6. What are the downsides to working for yourself?

I think I mentioned social isolation in a previous question. In my former career, my days were filled with people all day long. Working for myself from a home office can be incredibly isolating and in my earlier years doing this, I didn’t pursue outside interaction mainly because I was very busy, but also because I didn’t realize the change as it was happening. After a year, or so, I began to realize how much that part of it has changed my life and I make it a point now to be lots more social during my days, even if it is online, and make sure that I’m scheduling time with my friends outside of work. I’ve worked out a good balance now, many years later, but those early years affected me.

Other downsides would include the shock of going into business for yourself that everyone goes through, I think. Before you do it, you think that you’ll be your own boss and can do whatever you want to. In reality, your customer, or users, become your boss and your life quickly gets dictated by the needs of your business, offering a lot less freedom than you maybe used to enjoy. I don’t always have the freedom to take days off work, or even an afternoon off, depending on what is going on with my business at the time. So while working for myself does have a lot of benefits, the reality became clear almost immediately that owning your own business does not necessarily mean increasing your personal freedoms. It can, but you have to really work hard to make it happen.

7. What are your favourite apps and tools for running your WordPress business?

WordPress is my number one favorite tool, obviously!

Beyond that – I use several tools throughout the day to help me run business, and they include:

  • Freshbooks for estimates, invoicing and time tracking
  • Kayako support software, which powers our client desk at E.Webscapes
  • Skype for conference calls with clients and collegues
  • Google Apps for managing email, calendars and contacts
  • Backup Buddy for the quick migration of client sites from my local environment to their server

8. What’s the best advice you could give to someone who wants to start their own WordPress business?

It’s a competitive world out there in the WordPress community. But what I find is that the commercial community is very open, friendly and giving. I would strongly suggest trying to attend some WordCamp events to start making contacts, and reach out to people in the community to create a network of support, learning and business. I have found that while it’s a very competitive environment, the people who run businesses in the community with WordPress are very open to collaboration and cooperation, unlike any other business environment I have ever come across. I think its really unique and am always open to meeting new people who bring great skills and talent to the table. You will find that almost all people involved in the business of WordPress have, mainly, the same outlook.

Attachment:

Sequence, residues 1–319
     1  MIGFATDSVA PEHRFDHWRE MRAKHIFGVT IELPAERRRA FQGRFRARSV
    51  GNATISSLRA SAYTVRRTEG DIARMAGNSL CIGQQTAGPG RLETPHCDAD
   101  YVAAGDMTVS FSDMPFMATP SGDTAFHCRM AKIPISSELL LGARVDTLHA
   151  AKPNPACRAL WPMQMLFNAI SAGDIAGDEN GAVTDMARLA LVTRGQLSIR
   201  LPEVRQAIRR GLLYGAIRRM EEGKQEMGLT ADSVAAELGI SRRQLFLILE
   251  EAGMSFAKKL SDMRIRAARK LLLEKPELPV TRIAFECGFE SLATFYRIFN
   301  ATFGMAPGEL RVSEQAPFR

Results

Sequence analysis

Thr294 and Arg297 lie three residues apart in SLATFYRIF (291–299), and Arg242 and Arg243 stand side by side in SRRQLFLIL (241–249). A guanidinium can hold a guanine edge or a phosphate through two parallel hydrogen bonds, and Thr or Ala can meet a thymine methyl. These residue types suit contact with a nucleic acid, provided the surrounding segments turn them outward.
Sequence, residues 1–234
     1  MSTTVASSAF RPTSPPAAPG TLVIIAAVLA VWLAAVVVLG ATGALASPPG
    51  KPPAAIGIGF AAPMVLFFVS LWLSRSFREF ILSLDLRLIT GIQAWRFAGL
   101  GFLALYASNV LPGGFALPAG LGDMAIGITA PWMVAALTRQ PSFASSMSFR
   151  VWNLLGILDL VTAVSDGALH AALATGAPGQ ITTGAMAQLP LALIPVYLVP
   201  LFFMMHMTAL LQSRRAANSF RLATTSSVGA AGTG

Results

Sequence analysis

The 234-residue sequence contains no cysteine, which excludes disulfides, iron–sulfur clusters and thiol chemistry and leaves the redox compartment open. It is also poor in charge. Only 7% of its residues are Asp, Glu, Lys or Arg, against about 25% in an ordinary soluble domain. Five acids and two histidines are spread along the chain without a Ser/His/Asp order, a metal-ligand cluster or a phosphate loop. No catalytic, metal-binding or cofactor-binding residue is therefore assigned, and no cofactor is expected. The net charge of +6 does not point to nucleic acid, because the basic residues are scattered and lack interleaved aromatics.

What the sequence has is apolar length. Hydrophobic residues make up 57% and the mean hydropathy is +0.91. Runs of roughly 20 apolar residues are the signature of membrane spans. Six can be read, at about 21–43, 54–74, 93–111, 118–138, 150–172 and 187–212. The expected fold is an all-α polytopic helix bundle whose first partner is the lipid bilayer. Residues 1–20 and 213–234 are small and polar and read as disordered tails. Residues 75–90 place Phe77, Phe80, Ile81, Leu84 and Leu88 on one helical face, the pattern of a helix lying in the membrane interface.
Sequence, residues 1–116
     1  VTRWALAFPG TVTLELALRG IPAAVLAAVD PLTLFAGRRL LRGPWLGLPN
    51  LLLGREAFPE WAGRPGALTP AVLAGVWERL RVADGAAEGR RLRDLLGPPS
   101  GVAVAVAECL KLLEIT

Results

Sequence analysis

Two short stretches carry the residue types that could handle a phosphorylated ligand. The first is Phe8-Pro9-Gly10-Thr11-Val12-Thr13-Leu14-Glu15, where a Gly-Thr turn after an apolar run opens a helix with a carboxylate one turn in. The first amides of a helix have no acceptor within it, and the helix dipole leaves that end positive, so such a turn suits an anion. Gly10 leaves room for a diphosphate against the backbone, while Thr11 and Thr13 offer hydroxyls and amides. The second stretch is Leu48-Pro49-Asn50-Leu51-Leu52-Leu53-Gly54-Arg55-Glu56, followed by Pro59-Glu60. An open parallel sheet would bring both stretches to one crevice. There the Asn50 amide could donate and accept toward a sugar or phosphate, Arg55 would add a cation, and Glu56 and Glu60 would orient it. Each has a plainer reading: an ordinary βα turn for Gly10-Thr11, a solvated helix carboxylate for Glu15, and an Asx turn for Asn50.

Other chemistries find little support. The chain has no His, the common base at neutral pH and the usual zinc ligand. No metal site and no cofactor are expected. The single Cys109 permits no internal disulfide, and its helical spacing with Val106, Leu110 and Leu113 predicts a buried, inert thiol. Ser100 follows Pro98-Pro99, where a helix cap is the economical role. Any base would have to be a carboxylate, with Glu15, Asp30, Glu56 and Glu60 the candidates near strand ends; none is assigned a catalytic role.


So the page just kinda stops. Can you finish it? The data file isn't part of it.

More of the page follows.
Also, education is very important – and I’m not talking about that piece of paper that you get for attending 4 years of university. What I mean is that the WordPress world changes rapidly – doesn’t matter if you’re working with themes, plugins, consulting or services – it changes fast from one week to the other. Be sure to leave some time in your work week to continually educate yourself on what is going on as the technology improves and grows. If you don’t, you will find yourself struggling. For me? Working for myself, running a business in the WordPress community is sometimes like attending college on a part time basis as I do have to constantly chase that technology and educate myself on what’s new and emerging this week.

9. Five years from now, where do you think you’ll be?

On a Caribbean island somewhere drinking alcoholic beverages with fruit, hopefully. If not, I see myself continuing my work in development and design in some capacity. Perhaps I’ll have a few more books under my belt and am continuing my work in the open source community. That is where I hope to be in 5 years (including the drinks with fruit).

Loads of great advice from Lisa. I have already seen my waist expand, my spare time disappear and find myself scrabbling to keep up-to-date with the latest happenings in the WordPress community. Looking forward to finally getting some sort of balance!

Want to go back?